A peg board adapted for use by persons required to take one or more doses of a plurality of medicine over a span of hours and days is presented in U.S. Pat. No. 4,148,273 granted to Hollingsworth et al in April of 1979. The device of this invention would be of little or no value to a geriatric patient attempting to handle his own medication. Certainly the concept of the present invention is not shown or suggested in the Hollingsworth patent.
Applicant and those in privity with him are aware of no prior art closer than that cited and discussed above; and are aware of no prior art which anticipates the claims herein.
An apparatus for accurately selecting, storing and dispensing multiple varieties of pills at a given number of preselected time intervals during each of a number of time units such as days over a set time period such as a week includes individual pill containers for each unique variety of pill to be dispensed. Each dispenser is marked with indicia keyed to the time interval or time intervals of each time unit of a time period at which a pill dosage in that container is to be dispensed. In the form of the invention shown herein, each individual pill container containing a variety of pill to be dispensed in the morning or at breakfast time will be identified at least by the color red, each pill container containing a variety of pill to be dispensed at noon or lunch time will be identified at least by the color yellow, each pill container containing a variety of pill to be dispensed in the evening or at supper time will be identified at least by the color blue, and each container containing a variety of pill to be dispensed at night or bedtime will be identified at least by indicia which is black.
For use with these pill containers, a pill tray is provided. It includes a plurality of pill holding compartments, each compartment representing one of the time intervals during which pills may be dispensed, the pill holding compartments being arranged in columns each identified with one of the time units of the time period for which the apparatus is designed to dispense pills. The pill holding compartments are also arranged in rows each identified with one of the time intervals common to all of the time units. In the form of the invention shown, the apparatus is designed to dispense pills for the time period of one week, and the time units of that week are the days of the week.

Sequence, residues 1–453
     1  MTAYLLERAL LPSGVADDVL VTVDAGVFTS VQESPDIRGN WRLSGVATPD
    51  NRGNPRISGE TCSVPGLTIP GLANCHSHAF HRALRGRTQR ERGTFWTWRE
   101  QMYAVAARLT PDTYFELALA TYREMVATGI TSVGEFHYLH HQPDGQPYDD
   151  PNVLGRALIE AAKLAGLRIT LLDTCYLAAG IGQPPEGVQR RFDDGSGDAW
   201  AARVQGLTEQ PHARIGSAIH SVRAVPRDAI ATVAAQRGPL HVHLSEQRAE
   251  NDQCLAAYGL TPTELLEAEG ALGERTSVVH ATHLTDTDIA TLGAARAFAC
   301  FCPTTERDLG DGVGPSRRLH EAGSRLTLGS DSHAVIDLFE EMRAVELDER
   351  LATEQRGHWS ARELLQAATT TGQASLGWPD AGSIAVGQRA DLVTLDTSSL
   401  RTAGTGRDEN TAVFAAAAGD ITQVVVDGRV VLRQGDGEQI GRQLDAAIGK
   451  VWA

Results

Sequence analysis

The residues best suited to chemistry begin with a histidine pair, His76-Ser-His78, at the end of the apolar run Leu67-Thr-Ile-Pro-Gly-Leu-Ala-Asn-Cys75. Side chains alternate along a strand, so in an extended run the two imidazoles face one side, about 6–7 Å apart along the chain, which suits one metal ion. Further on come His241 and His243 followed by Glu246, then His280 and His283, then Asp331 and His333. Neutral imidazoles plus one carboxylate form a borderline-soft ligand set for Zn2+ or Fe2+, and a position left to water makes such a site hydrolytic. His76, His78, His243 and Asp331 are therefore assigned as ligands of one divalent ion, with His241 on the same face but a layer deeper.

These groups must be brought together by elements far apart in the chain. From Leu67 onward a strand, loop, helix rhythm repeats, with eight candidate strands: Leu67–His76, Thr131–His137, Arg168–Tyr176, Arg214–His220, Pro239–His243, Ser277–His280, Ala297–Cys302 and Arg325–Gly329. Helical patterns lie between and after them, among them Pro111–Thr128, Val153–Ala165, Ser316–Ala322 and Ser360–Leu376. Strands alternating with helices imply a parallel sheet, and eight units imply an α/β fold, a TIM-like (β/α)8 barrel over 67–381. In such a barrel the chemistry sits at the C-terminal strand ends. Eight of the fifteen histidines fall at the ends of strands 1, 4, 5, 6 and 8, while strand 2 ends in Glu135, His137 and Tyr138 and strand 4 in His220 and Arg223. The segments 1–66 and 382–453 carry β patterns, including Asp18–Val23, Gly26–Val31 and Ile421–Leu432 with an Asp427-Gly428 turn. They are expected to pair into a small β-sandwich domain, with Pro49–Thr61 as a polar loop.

Each pill holding compartment is identified by an indicia similar to the common indicia identifying each of the pill containers holding pills which are to be dispensed during the time interval with which it is associated. In the form of the invention as shown, all of the containers in the back row designed to hold pills to be taken in the morning are identified by the color red, all those in the "noon" row are identified by the color yellow, the "evening" row by the color blue and the night row by "black".
Where the doctor has prescribed no more than one pill of each variety to be dispensed at any one time interval, the pill tray can be loaded or charged very simply and without error by putting one pill from each pill container identified with only one indicia into each pill holding compartment identified with the same indicia. As shown herein, one pill from the pill container colored blue will be placed in each of the tray pilling holding compartments colored blue. A pill from each of the other pill containers identified with more than color but including the color blue will also be placed in each of the blue colored pill holding compartments. Similarly, a pill from each container identified with yellow will be placed into each yellow pill holding compartment, pills from the blue marked containers into the blue compartments, and from the black marked containers into the black compartments.
To insure that the pills will not be mixed up with each other, dropped, or contaminated during the 28 time intervals that the tray will be used during a week, means is provided to cover each pill holding compartment until such time as it needs to be accessed so that pills can be removed from it.
FIG. 1 is a top plan view of a pill tray made according to the present invention;
FIG. 2 is a vertical sectional view taken on the line 2--2 in FIG. 1;
FIG. 3 is an enlarged cross sectional view taken on the line 3--3 in FIG. 1; and
FIG. 4 is a perspective view of the pill tray of FIGS. 1 through 3 and of a plurality of color-coded pill containers for containing pills to be loaded into particular pill holding compartments of the pill tray of the invention.
A tray 10 for receiving, storing and dispensing multiple varieties of pills, tablets and capsules 12 is, in the form of the invention shown, constituted as a base 14 and a plurality of spaced-apart pill holding compartments 16. Such a tray can be formulated in any one of a very large number of ways; but in the form of the invention as shown, is made by a vacuum forming a thermoplastic sheet.
Throughout this specification, the term "pills", will be used to represent the pills, tablets, capsules or other articles to be stored in compartments 16.
As seen in FIG. 1, the compartments 16 are arranged in four rows 21 through 24 and in 7 columns, 31 through 37. Each of these columns represents a unit of time, a day of the week in the form of the invention as shown. Each of the rows represents a time interval within the time unit. In the form of the invention shown, row 21 represents morning or breakfast time, row 22 represents noon or lunch time, row 23 represents evening or supper time, and row 24 represents night or bed time.
A tray cover 18 is hingedly mounted as at 20 to the tray base 14. For clarity of illustration, a portion of the cover 18 is broken away to allow illustration of at least the column 31 of compartments 16 as when the tray is actually being used for dispensing pills.